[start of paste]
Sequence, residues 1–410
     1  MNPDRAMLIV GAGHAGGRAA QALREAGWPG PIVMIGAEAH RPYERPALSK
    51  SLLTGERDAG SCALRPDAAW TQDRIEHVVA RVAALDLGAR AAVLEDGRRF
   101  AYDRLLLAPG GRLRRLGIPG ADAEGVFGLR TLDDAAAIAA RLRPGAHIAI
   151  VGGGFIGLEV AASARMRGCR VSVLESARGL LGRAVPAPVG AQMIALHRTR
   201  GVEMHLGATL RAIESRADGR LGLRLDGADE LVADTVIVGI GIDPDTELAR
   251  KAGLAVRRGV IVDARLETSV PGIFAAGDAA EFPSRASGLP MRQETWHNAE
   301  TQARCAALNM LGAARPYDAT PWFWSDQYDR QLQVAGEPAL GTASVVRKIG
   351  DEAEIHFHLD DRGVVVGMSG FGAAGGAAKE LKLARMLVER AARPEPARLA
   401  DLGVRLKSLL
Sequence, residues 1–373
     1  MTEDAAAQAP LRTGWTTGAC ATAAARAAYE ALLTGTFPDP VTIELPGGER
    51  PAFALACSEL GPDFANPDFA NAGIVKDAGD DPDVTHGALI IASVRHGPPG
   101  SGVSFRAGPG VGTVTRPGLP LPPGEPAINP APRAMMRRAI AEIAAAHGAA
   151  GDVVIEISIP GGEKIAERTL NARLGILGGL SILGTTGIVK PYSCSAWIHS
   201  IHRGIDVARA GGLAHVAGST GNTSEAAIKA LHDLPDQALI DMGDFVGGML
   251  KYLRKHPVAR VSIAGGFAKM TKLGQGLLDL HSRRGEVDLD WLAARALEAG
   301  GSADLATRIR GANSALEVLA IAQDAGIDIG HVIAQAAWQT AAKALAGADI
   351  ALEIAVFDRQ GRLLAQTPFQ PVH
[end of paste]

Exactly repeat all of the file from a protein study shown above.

Sequence, residues 1–410
     1  MNPDRAMLIV GAGHAGGRAA QALREAGWPG PIVMIGAEAH RPYERPALSK
    51  SLLTGERDAG SCALRPDAAW TQDRIEHVVA RVAALDLGAR AAVLEDGRRF
   101  AYDRLLLAPG GRLRRLGIPG ADAEGVFGLR TLDDAAAIAA RLRPGAHIAI
   151  VGGGFIGLEV AASARMRGCR VSVLESARGL LGRAVPAPVG AQMIALHRTR
   201  GVEMHLGATL RAIESRADGR LGLRLDGADE LVADTVIVGI GIDPDTELAR
   251  KAGLAVRRGV IVDARLETSV PGIFAAGDAA EFPSRASGLP MRQETWHNAE
   301  TQARCAALNM LGAARPYDAT PWFWSDQYDR QLQVAGEPAL GTASVVRKIG
   351  DEAEIHFHLD DRGVVVGMSG FGAAGGAAKE LKLARMLVER AARPEPARLA
   401  DLGVRLKSLL
Sequence, residues 1–373
     1  MTEDAAAQAP LRTGWTTGAC ATAAARAAYE ALLTGTFPDP VTIELPGGER
    51  PAFALACSEL GPDFANPDFA NAGIVKDAGD DPDVTHGALI IASVRHGPPG
   101  SGVSFRAGPG VGTVTRPGLP LPPGEPAINP APRAMMRRAI AEIAAAHGAA
   151  GDVVIEISIP GGEKIAERTL NARLGILGGL SILGTTGIVK PYSCSAWIHS
   201  IHRGIDVARA GGLAHVAGST GNTSEAAIKA LHDLPDQALI DMGDFVGGML
   251  KYLRKHPVAR VSIAGGFAKM TKLGQGLLDL HSRRGEVDLD WLAARALEAG
   301  GSADLATRIR GANSALEVLA IAQDAGIDIG HVIAQAAWQT AAKALAGADI
   351  ALEIAVFDRQ GRLLAQTPFQ PVH